Politics with a Big P – The Psychological (& Twitter) Profile of a Politician

David Cameron

On May 8th 2015, David Cameron secured his place in Conservative party hall of fame by leading the first majority Tory government for decades. It was by all accounts, an unprecedented and historic result that left politicians eating their hats, journalists red-faced with wildly inaccurate projections and Labour evicted from Scotland.

Fundamentally though, it all came down to a battle of personalities – David Cameron, the Eton and Oxford educated ‘Toff’ or most Prime Ministerial candidate versus Ed Miliband, the slightly robotic and awkward, everyone-loves-an-underdog candidate (depending on your stance). Not to mention the ‘leader of the purple army’, Nigel Farage – another larger than life personality that moved the dial further along for his party in one year, than the entire decade prior to the election. This battle was no better observed than in the multiple TV debates, where different styles were showcased, and the country not only observed but got involved.

The nature of this involvement was social media. In the first truly digital British election, the major political parties used various platforms from Twitter to Facebook to Instagram, as a strategic weapon to be yielded, with apparently evident success. An analysis of the social media numbers are clear – the conservative party had the largest social audience of the main parties (726k), followed by Labour with 604k1. The power of this social media connection, is that is brings the individual closer to the politician and creates a turbo-charged ‘parasocial interaction’2. A regular interaction of this kind occurs when members of the public feel that they have a relationship with characters in the media. The fact that media figures can communicate to us directly via social media amplifies this interaction and makes it much more intimate and personal. The character is the focal point here. Perhaps even more so than the ideology or values he or she represents. I follow my favourite sports personality on Instagram & Twitter – when he posts a picture or tweets, it comes straight to my phone. In the somewhat strange reality which is the social media world, it sometimes feels like I have an actual relationship with him. Or at least, the connection is a little less distant than it has previously ever been.  Against this backdrop, the individuality of a politician is acutely experienced and his or her personality plays a critical role in how successful his or her party becomes – Nicola Sturgeon and SNP ascendance being a great example.

I have been fascinated with the concept of leadership for many years. What is takes to be successful and how individuals can yield so much influence over organisations, countries and global institutions are questions which keep me fairly occupied. In my line of work, we assess and benchmark leaders against a research based, context dependent ‘success’ profile, often for senior level roles within organisations. Two of the dimensions of such a profile include ‘traits’ and ‘competencies’, reinforcing the importance and contribution of personality and key skills in the make up of those in positions of authority. Recent research by Silvester, Wyatt & Randall (2014) found that the typical profile of high potential UK politicians consisted of the following Big 5 traits (percentiles vs. general population):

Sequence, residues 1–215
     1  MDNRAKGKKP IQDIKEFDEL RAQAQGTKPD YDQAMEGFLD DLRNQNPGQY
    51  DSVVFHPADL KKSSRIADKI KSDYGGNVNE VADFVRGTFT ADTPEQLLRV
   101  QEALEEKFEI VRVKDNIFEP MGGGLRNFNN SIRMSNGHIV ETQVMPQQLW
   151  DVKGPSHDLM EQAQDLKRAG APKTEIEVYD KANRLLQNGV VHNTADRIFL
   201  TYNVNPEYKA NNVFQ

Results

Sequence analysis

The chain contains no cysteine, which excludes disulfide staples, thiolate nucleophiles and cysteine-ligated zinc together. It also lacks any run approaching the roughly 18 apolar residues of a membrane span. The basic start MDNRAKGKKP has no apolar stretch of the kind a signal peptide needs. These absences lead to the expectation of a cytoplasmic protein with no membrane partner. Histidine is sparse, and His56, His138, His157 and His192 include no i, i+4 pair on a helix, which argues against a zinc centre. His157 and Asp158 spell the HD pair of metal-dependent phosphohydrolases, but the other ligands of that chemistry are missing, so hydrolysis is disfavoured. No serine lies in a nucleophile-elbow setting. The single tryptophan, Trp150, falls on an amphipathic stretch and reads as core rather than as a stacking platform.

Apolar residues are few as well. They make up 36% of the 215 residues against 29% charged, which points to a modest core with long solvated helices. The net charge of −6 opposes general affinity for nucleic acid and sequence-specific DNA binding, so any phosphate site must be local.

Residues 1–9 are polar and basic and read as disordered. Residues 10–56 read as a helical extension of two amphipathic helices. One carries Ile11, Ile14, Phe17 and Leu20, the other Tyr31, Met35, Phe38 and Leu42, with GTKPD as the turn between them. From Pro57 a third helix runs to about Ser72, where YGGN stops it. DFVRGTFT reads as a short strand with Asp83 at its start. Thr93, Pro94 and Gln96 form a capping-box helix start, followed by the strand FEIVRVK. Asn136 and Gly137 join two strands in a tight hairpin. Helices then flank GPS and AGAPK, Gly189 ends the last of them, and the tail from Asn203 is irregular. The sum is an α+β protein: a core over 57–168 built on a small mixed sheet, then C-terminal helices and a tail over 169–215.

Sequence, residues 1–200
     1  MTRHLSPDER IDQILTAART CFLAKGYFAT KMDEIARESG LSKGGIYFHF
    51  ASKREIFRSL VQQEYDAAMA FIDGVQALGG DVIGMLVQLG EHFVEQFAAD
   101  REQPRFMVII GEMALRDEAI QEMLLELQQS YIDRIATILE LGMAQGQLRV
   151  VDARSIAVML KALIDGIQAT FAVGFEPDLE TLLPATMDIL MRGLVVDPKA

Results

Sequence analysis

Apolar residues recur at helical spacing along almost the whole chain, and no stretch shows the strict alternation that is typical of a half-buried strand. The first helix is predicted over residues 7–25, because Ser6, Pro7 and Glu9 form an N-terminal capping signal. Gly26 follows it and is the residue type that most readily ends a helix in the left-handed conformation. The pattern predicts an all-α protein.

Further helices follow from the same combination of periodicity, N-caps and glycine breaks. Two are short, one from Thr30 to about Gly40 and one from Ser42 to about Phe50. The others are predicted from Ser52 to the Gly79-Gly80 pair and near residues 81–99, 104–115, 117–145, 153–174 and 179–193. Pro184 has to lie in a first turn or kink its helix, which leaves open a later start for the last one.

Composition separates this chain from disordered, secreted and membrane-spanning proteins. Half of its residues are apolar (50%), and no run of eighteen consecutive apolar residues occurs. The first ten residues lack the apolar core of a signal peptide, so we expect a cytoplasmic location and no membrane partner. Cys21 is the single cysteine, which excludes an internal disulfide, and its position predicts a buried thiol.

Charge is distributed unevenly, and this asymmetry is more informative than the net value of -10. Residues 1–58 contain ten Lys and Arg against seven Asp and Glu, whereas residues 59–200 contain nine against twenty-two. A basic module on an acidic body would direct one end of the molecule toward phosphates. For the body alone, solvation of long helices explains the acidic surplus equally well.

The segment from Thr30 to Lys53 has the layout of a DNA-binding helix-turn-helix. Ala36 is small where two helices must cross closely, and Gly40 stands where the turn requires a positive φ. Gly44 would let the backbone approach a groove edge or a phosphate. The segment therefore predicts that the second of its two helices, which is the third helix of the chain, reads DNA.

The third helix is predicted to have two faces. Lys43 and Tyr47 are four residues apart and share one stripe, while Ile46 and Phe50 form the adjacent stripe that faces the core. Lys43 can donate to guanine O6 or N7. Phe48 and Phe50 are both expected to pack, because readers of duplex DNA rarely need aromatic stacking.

Extraversion – 54th

Agreeableness – 38th

Conscientiousness – 21st

Neuroticism – 73rd

Openness – 46th

Interestingly, when these traits were correlated with performance ratings on competencies (based on colleague ratings), there was a significant relationship between conscientiousness and resilience and analytic skills, both competencies which were deemed critical for success and a negative relationship between these competencies and Neuroticism. So paradoxically, despite the profile of politicians here showing high Neuroticism and low Conscientiousness, those who were rated as performing successfully, are perhaps adaptable enough to flex their natural tendencies and exhibit behaviours which exude social prowess, assertiveness, a busy-body style, empathy, achievement drive and emotional control. And so, tuning up and tuning down certain behaviours or being interpersonally/ emotionally agile seems to be a very important skill.

However, of course this is the self-perception of politicians and ratings by their peers. What would be even more telling would be to build a success profile of politicians’ personality based on the public’s view of desirable traits. Maybe a strategy that Labour HQ should adopt, given the much discussed un-electability of the current leader of the opposition, Mr Corbyn? As the power of social media continues to drive the potency of the parasocial relationship we have with our politicians, personality and the holistic view of the individual will become an ever increasingly important factor in who wins future elections and with it, the unparalleled responsibility of leading nations.

Thoughts, critiques and questions welcomed as ever.

References

1 – https://www.integritysearch.co.uk/infographics/social-media-statistics-general-election-2015/

2 – Horton, D., & Wohl, R. R. (1956). Mass communication and para-social interaction. Psychiatry, 19, 215–229.

3 – Silvester, J. Wyatt, M. & Randall, R. (2014) Politician personality, Machiavellianism, and political skill as predictors of performance ratings in political roles, Journal of Occupational & Organizational Psychology, Vol. 87 Issue 2, p258‐279.

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